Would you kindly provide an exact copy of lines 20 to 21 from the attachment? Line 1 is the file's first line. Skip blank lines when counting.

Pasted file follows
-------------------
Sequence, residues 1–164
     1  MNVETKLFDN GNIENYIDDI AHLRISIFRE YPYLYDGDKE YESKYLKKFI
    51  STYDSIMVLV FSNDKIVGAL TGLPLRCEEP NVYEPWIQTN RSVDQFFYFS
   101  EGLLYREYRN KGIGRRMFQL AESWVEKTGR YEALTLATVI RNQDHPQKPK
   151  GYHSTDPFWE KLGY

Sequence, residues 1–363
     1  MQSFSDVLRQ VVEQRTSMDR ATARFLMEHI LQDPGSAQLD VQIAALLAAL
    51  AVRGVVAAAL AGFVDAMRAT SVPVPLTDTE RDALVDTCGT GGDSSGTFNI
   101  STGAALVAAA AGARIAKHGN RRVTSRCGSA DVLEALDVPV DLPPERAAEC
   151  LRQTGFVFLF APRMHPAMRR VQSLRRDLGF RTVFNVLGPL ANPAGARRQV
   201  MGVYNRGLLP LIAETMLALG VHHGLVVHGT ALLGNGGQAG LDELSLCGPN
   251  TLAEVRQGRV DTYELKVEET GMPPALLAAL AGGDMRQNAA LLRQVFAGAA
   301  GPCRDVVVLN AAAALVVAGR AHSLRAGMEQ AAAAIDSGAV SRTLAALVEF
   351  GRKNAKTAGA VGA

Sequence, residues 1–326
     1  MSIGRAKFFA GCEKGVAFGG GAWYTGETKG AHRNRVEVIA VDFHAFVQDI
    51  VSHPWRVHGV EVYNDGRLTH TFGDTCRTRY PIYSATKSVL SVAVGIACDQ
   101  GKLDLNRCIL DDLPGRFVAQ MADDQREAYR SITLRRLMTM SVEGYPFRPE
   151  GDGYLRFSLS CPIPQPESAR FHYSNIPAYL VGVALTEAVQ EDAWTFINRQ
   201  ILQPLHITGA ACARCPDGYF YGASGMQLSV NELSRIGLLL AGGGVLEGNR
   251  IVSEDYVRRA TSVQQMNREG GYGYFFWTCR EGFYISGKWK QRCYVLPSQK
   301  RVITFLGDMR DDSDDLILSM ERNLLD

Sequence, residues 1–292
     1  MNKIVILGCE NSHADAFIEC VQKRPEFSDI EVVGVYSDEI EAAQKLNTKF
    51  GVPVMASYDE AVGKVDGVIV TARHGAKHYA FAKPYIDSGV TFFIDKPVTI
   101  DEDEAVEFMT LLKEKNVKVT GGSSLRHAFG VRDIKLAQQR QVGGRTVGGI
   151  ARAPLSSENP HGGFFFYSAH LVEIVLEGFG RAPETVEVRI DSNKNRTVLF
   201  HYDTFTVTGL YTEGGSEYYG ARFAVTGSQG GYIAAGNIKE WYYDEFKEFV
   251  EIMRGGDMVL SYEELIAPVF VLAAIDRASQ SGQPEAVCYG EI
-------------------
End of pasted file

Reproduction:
   201  ILQPLHITGA ACARCPDGYF YGASGMQLSV NELSRIGLLL AGGGVLEGNR
   251  IVSEDYVRRA TSVQQMNREG GYGYFFWTCR EGFYISGKWK QRCYVLPSQK